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Poll shows where Republican voters differ on GOP job performance
Republican voters differ with some members of the Republican caucus in the U.S. Senate and House over President Donald Trump. For example, Sen. Jeff ...
Monday, October 30, 2017
by Martin Barillas

Republican voters differ with some members of the Republican caucus in the U.S. Senate and House over President Donald Trump. For example, Sen. Jeff Flake (R-AZ) announced that he would not seek re-election in 2016. From the Senate floor, Flake severely criticized Trump. A new poll by Rasmussen Reports shows that Republican voters don’t back Flake or other senators who differ with Trump.

Rasmussen found in a national telephone and online survey that 57 percent of Likely Republican voters believe the GOP should more resemble the president. Only 33 percent feel the party should be more like Senate Republicans instead. However, the poll found that 48 percent of GOP voters think it is more important for Trump to keep incumbent Republicans on his side than for him to pursue his own agenda. Forty-two percent say it’s more important for the president to go his own way rather than worry about party unity.

The Rasmussen group found that 49 percent Republicans say it’s important to them that some GOP senators criticize Trump, while 32 percent say it is Very Important.  For 47 percent, criticism emanating from GOP senators is unimportant, with 19 percent who say it is not at all important. .

Rasmussen Reports conducted a survey of 1,000 likely voters on October 26 and 29.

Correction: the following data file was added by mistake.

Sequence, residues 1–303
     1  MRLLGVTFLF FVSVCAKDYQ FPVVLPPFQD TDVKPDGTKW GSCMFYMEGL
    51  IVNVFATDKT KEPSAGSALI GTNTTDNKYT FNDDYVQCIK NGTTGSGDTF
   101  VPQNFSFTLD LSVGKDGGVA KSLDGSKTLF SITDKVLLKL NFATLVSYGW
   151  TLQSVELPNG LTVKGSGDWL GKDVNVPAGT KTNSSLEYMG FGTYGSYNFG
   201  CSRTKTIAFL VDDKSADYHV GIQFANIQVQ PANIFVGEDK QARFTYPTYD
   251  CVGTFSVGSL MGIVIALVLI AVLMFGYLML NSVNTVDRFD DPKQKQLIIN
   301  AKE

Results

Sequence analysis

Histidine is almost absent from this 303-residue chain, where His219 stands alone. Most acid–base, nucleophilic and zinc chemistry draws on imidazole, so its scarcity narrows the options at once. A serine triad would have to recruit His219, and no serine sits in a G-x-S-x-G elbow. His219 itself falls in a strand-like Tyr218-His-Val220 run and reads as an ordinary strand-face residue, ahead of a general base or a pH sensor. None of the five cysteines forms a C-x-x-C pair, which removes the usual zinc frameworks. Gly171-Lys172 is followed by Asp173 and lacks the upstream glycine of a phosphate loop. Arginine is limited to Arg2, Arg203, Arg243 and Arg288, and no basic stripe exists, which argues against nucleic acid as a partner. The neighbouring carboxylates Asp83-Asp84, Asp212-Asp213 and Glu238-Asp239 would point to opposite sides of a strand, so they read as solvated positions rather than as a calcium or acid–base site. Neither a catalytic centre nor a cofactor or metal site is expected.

Other results include:

  • 50 percent of Republican voters think Trump’s criticism of Republican senators is good for the country. Only 35 percent believe the president should continue to rely on congressional Republicans to pass his agenda.
  • 71 percent of Democrats say the Republican Party should be more like GOP senators than like Trump, a view shared by a plurality -- 44 percent -- of unaffiliated voters.
  • Democrats attach a lot more importance to the senators’ criticism of the president than Republican and unaffiliated voters do. Unaffiliated voters are the least concerned about Trump keeping other elected Republicans on his side.
  • Among voters who believe the GOP should be more like Senate Republicans, 86 percent say the senators’ criticism of Trump is important to them. Sixty-six percent of those who want the Republican Party to be more like the president regard the criticism as unimportant.
  • Of the voters who strongly approve of the job Trump is doing, 87 percent say the GOP should be more like him.81 percent of those who strongly disapprove of the president’s job performance think the party should be more like Senate Republicans.

Voters in general, including 38 percent of Republican voters, are more likely to believe Republicans in Congress are the bigger problem for Trump than Democrats are. 67 percent of of Republicans think their representatives in Congress have lost touch with the party's base, consistent with findings for years. Only 19 percent of Republicans – and 11 percent of all voters – rate the performance of the GOP-controlled Senate as good or excellent.

55 percent of GOP voters share an unfavorable opinion of Senate Majority Leader Mitch McConnell, and 36 percent think it would be good for the country if McConnell stepped down.

Martin Barillas is a former US diplomat and the editor of Spero News.

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